God’s Gift of ‘FORGIVENESS’ is AVAILABLE for EVERYONE
February 1 Bible Reading: Leviticus Chapters 4-6
"And it shall be, when he is guilty in any of these matters, that he shall confess that he has sinned in that thing; and he shall bring his trespass offering to the Lord for his sin which he has committed, a female from the flock, a lamb or a kid of the goats as a sin offering. So the priest shall make atonement for him concerning his sin. 'If he is not able to bring a lamb, then he shall bring to the Lord, for his trespass which he has committed, two turtledoves or two young pigeons: one as a sin offering and the other as a burnt offering'. And he shall bring them to the priest, who shall offer that which is for the sin offering first, and wring off its head from its neck, but shall not divide it completely." (Lev. 5:5-8)
As the book of Leviticus lays down set rules from God with regards to God’s gift of forgiveness, we see that these rules are flexible enough to accommodate people of all ages, social status and financial ability. The first thirteen verses of the fifth chapter are closely linked to both the sin and trespass offerings. Instead of dealing with various classes of people, these offerings have to do with differing types of sins that include having knowledge of a crime but refusing to testify (v. 1), getting defiled through touching a dead body (v. 2), being unclean by touching a person with leprosy (v. 3), and making rash promises that are not fulfilled later (v. 4). These four types of sins basically reflect sins of omission or forgetfulness.
There were three types of offerings for these sins, depending upon the financial ability of the person to pay: a female lamb or goat—as a sin offering (v. 6); two turtledoves or two young pigeons—one as a sin offering and the other as a burnt offering (v. 7); and the tenth part of an ephah (about two quarts) of fine flour with no oil or frankincense (v. 11). This actually put the sin offering within reach of the poorest person, and in the economy of God, even the poorest of the poor is not left out. In the similar manner, no one is excluded from forgiveness through Christ. The question arises in verses 11–13, “How can a meal offering serve as a sin offering to make atonement for sin when we know that without the shedding of blood is no remission?” For there appears to be a universal mandate from God that is reflected in Heb. 9:22: “Almost all things are purified with blood.”
The answer is that the meal offering was offered on top of a fire offering on the altar (which did have blood), and this gave the meal offering the value of a blood sacrifice. The universal requirement for every person who came with an offering of any kind was that first of all he needed to confessed his guilt (v. 5), and then bring his offering to the priest (v. 8). O. T. Allis in The New Bible Commentary has suggested that the mingling of the meal on the altar (part was burned, vs. 12) with the other bloody offerings could be seen as meeting this principle, and that the main aspect taught in all these sacrifices (vicarious substitution) is perfectly illustrated even in this offering of meal.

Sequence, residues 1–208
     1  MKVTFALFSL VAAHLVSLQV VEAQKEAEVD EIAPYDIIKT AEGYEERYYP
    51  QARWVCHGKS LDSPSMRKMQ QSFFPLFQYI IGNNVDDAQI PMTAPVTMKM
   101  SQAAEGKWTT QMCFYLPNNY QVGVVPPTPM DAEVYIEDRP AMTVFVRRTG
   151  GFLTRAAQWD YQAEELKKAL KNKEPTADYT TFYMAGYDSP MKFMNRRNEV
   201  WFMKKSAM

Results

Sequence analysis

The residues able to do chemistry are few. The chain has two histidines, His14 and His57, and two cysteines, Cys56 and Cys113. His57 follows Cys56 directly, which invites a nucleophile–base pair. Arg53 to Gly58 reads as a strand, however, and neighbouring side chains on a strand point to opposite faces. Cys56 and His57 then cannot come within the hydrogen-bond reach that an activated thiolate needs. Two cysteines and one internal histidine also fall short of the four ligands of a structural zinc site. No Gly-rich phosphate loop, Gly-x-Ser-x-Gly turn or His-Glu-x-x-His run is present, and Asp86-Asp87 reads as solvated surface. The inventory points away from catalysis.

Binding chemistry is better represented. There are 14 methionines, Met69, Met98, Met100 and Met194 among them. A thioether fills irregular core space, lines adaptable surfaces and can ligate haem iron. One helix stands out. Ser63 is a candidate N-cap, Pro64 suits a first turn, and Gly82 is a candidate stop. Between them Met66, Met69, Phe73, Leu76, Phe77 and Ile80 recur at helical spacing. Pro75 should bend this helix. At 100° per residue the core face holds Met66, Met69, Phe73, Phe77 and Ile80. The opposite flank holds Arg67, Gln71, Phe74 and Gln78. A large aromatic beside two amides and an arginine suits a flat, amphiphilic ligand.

Thus, the poor man’s sin offering is like the humblest burnt offering (1:14–17), except for the sprinkling of the blood (5:9; 1:15). It is understood that the rule for purification of sin as a result of ritual uncleanness or in swearing an oath should not be linked to the economic status of the individual. God’s law therefore makes provision for the poor. In fact, God made sure that no Israelites would be kept back from worshiping Him or making a trespass offering because they could not afford a sacrifice. If the family could not spare a lamb, they could instead bring turtledoves or pigeons (5:7–8). If a person was completely destitute, he or she could bring some grain (5:11).
The Law also required a woman to bring a lamb as a sacrifice on the occasion of a birth. But the poor were allowed to offer two inexpensive turtledoves or pigeons instead (12:6–8). In the New Testament, Luke’s Gospel reveals that Jesus was born into poverty (Luke 2:24). The family of Joseph and Mary (earthly parents of Jesus) was poor enough to afford only some birds. But it was enough; it was exactly what God required!
Let us understand that God’s forgiveness is available for everyone today! Even though the price of God’s forgiveness was costly – as it required the sufferings and death of His Only Begotten Son Jesus Christ on the cross of Calvary – it is offered to us freely by grace alone. "For by grace you have been saved through faith, and that not of yourselves; it is the gift of God, not of works, lest anyone should boast." (Eph. 2:8-9) However, our sins require confession to God, which alone will grant us the forgiveness from God that we are looking for.